Regardless of which market you focus on, it is important to realize that you are likely to have at least somewhat of an information disadvantage relative to other market participants. There are two main types of participants in the market: speculators and hedgers. Speculators try to benefit by being on the right side of price movements, while hedgers attempt to remove the risk associated with future price movements from their business. While in some markets (such as equity or interest rate futures) it may theoretically be possible for a very well-informed and dedicated individual to have nearly as much information with which to conduct analysis as a bank or institutional investor, in some other markets this is just not practical.

For example, if you are trading corn, no matter how many reports you read on the state of the market, you are unlikely to have as firm of a grasp on the fundamentals as a corn farmer in Iowa or Nebraska, not to mention a large agricultural company such as Monsanto. Similarly in the oil market, Exxon is likely to have a better feel on the supply and demand in the oil market for the next three months than even the most well-informed individual trader.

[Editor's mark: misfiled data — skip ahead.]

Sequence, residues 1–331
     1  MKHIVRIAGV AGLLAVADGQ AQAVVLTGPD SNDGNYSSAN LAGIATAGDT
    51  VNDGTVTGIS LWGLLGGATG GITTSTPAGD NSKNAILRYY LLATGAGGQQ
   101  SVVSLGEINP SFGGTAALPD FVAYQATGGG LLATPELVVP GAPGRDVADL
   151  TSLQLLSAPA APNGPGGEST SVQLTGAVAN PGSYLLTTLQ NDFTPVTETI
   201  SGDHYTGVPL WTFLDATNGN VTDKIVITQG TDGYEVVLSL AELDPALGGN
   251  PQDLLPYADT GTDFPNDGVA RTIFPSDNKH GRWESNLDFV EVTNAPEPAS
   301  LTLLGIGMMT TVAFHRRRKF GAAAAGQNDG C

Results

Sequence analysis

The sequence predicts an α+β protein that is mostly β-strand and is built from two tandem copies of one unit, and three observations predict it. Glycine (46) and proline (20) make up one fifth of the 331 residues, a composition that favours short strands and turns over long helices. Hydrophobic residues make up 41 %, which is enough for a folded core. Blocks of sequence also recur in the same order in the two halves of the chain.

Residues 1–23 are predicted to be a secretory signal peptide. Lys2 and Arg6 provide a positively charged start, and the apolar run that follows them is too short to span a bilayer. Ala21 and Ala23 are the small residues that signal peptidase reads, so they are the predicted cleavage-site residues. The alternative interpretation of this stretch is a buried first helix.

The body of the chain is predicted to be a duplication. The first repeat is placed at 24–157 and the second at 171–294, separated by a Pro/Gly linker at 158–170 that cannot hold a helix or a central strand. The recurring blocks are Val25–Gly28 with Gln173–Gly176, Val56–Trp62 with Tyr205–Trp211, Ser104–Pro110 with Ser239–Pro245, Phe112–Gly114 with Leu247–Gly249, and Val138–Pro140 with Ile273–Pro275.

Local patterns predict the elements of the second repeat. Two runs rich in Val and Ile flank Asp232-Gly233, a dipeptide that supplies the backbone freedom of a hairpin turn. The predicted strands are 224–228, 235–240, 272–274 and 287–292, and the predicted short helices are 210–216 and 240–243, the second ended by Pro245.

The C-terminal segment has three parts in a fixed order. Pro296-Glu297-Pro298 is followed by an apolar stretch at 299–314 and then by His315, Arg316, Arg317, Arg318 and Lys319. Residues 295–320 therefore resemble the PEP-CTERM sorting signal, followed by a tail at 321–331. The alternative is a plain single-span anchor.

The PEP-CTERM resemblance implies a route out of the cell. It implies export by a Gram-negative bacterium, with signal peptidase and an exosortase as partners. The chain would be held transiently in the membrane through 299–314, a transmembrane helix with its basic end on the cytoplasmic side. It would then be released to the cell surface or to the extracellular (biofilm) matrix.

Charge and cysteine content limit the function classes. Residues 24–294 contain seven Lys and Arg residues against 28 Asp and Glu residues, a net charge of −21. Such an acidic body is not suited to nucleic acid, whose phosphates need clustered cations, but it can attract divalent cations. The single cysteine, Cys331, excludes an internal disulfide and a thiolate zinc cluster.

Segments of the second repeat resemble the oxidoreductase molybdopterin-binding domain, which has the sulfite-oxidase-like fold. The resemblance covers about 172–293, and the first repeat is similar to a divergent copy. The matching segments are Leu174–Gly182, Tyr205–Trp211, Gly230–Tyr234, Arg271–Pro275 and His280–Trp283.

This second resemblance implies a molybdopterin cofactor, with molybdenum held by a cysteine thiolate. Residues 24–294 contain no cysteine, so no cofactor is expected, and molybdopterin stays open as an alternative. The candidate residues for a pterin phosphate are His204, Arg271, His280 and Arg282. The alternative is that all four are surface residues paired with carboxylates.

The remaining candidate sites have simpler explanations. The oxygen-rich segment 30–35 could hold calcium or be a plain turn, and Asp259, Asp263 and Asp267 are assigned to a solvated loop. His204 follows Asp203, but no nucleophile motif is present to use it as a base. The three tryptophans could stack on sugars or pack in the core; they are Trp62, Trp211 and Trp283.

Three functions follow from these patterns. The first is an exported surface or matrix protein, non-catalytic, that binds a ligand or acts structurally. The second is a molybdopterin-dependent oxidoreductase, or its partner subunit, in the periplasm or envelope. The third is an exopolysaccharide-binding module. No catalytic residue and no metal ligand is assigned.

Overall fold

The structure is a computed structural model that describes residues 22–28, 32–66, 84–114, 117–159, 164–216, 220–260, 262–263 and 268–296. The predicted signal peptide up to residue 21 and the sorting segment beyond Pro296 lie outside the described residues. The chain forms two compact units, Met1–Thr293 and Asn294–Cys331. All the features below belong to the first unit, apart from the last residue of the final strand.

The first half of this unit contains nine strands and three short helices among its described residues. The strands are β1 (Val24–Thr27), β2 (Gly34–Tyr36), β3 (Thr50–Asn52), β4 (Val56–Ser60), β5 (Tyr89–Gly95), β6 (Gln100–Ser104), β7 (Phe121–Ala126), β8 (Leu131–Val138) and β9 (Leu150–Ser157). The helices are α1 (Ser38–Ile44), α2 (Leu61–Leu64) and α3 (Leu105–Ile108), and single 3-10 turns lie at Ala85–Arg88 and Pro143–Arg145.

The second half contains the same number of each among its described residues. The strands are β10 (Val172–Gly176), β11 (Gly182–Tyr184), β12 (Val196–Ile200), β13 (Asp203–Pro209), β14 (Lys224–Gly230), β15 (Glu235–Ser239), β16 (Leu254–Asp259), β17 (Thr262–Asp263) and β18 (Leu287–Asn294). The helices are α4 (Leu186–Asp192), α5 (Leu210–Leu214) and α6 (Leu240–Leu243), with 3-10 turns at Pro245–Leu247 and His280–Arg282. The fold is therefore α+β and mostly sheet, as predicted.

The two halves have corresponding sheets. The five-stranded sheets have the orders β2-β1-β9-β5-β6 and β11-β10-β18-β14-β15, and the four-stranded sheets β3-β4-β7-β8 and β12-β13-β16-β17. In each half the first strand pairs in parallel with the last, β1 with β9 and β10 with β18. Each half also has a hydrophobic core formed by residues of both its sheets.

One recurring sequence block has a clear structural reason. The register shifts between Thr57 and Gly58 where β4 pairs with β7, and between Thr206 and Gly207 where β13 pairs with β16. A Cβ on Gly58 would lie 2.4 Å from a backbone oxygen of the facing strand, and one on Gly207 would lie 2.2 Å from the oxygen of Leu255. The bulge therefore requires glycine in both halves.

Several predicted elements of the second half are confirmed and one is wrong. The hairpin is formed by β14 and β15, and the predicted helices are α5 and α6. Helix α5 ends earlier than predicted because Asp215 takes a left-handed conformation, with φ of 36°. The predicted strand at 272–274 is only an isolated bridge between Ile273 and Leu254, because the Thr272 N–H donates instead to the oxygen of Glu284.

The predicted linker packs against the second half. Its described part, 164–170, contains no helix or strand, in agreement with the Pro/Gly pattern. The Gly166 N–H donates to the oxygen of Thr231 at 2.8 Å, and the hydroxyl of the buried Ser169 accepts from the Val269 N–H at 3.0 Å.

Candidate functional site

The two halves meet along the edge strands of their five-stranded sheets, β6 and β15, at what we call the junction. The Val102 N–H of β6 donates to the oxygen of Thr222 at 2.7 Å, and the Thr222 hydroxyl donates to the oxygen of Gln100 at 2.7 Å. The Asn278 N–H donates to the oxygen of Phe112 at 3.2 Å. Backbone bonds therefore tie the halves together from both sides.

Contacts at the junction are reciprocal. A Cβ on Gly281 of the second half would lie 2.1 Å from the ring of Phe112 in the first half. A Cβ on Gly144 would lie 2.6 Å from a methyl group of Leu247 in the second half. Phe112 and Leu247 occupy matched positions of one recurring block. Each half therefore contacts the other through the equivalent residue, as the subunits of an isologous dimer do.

Despite this information disadvantage, it is important to be as well-informed about your chosen market(s) as possible while at the same time maximizing your advantages. Remember, Monsanto or Exxon are interested in hedging their forward production, not exploiting daily price movements, and they are also so large that their trades can be cumbersome. As an individual, you have the ability to be more nimble and opportunistic than some larger institutions.

Regardless of the market you choose, before beginning trading you should do a great deal of additional research into the underlying fundamentals and market conditions of that market in order to maximize your opportunities for success.

Technical Analysis
The second main group of tools used to evaluate futures markets includes those that fall under the heading of technical analysis. While fundamental analysis is concerned with determining the intrinsic value of an asset, technical analysis tries to determine future price action by evaluating prior price movements. While many market participants do not believe that analyzing charts provides any clues to what will happen in the future, there are also many proponents of technical analysis, particularly among short-term traders.